The text is from Saint John’s Gospel, read a few moments ago: “It is finished.”
In the Greek language, this is only one word. In the Hebrew or Aramaic that Christ probably spoke, it was also likely one word. The Lord was very succinct.
This creates a problem for us in understanding what He meant. What is finished? Since He does not specify, we must figure out from context and other Scriptures what exactly it is that He has finished.
The nearest context is the vinegar that He tasted. The vinegar was offered to Him because He had said, “I thirst.” This was in order to fulfill one last prophecy of Scripture.
So we reasonably conclude that He said, “It is finished,” to indicate that all the Scriptures regarding His suffering and death had been fulfilled.
Similarly, we might also conclude that Christ was saying that His sufferings themselves were completed. The agony had gone on long enough. The pain had been great enough. No more needed to be inflicted upon Him.
The only reason that we can even speak about His suffering as “enough” was because of its purpose. You can only have enough of something if you know what it needs to do. The purpose was that the punishment for all sins had to fall on Christ. All of the guilt of man had to be covered by the Blood of Christ. All of the wrath of God had to be satisfied by the sacrifice of His Son. Nothing could remain that was unatoned. Not even the smallest sin could be unpaid for. So “It is finished,” means that every last iniquity had been accounted for.
All these things that He finished - the Scriptures fulfilled, the sufferings completed, and the trespasses fully atoned, the wrath of God satisfied by the sacrifice – all of them are tied together closely. Christ must have been referring to all of them. He might well have said, “All is finished. All is complete.”
Christ had accomplished perfect redemption. He could not have done better. No loopholes remained, and no flaws. No one could fall between the cracks, so that they would be able to say, “He didn’t die for me.” No, He died for all. He died perfectly.
It may seem strange to speak of the bloody, awful atrocity of the Cross as perfect. The world cannot see the perfection. We can through faith, although even then our sinful flesh wants to take offense at the Cross. Yet the Spirit leads us to see what our flesh cannot. We are taught to put our trust in the bleeding, dying Man.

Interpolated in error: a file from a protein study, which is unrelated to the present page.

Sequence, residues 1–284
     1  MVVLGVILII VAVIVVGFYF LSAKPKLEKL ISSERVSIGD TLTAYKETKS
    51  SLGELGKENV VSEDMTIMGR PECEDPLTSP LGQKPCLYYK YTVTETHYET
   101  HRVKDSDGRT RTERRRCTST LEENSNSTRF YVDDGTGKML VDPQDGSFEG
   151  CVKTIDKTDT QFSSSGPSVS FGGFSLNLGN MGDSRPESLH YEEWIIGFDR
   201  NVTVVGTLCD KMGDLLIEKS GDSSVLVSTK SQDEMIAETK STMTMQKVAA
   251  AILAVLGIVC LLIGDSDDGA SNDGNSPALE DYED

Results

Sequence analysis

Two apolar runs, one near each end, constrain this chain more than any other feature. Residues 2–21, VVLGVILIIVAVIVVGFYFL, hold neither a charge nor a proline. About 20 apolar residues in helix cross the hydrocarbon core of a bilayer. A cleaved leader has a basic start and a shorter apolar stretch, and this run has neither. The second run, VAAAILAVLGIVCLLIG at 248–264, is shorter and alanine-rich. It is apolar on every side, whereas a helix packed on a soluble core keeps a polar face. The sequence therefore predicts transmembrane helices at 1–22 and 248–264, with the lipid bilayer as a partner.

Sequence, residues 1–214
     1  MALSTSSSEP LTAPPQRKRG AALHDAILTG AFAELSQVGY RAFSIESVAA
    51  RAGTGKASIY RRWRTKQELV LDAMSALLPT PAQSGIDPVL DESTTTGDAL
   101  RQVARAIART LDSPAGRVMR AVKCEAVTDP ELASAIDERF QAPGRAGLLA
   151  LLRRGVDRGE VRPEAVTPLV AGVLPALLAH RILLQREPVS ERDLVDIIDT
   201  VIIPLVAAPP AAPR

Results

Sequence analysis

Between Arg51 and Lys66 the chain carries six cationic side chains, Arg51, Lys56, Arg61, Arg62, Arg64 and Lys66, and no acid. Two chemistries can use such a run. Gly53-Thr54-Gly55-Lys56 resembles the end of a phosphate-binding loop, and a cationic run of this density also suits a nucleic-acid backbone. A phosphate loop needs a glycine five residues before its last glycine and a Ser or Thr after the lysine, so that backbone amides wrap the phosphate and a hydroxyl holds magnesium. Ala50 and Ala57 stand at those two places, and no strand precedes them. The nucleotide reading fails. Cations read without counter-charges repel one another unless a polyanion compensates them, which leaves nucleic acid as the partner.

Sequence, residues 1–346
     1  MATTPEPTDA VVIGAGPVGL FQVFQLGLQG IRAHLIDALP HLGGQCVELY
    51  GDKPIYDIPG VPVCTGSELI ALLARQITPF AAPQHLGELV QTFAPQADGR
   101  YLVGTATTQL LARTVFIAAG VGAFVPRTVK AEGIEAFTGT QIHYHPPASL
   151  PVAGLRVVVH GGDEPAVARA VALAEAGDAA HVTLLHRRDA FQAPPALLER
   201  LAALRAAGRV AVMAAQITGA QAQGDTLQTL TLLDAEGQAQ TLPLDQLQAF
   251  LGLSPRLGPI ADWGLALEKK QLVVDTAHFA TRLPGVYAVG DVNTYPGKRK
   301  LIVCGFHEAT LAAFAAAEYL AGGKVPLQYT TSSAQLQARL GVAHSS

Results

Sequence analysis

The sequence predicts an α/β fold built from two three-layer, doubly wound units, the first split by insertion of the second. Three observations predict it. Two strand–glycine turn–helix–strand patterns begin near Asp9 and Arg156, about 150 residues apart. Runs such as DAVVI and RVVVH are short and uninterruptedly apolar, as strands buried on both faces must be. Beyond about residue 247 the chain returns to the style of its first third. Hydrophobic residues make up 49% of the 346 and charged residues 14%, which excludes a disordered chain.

So the meaning of Christ’s words give us comfort. “It is finished,” means that nothing is left for us to do to earn salvation. Christ has done it all. We do not need to pay for our sins. We do not need to worry that we have not done enough. We are never enough. Christ is enough.
Christ did not say, “I am finished. Now it’s your turn.” He did not carry the ball most of the way down the field, but we have to get it over the goal line. No, He has done all that needs to be done.
Faith remains, in the sense that each person must believe in order to receive the benefits of the Cross. But that is the whole point. The Cross, the thing in which we put our trust, is complete and perfect. Faith simply recognizes that it is finished for me.
True faith can only exist because the perfect object of faith has been created. Only Christ crucified is truly worthy of faith. Many false faiths exist as sinful man puts his trust in nearly any idol he can imagine. But genuine faith that receive salvation must look to the bloody, suffering Man on Calvary.
In Him alone, the warfare between God and man ends. Only in the peace offering which is the crucified Body of Christ can sinners be reconciled to God. So the long enmity that began with Adam and Eve and stretched for centuries has finally been finished.
Death’s stranglehold upon man is finished. The devil’s insidious captivity over us is finished. Hell’s threat is finished. Our slavery to sin is finished.
All glory be to Him alone, with the Father and the Holy Spirit, one God forever. Amen.
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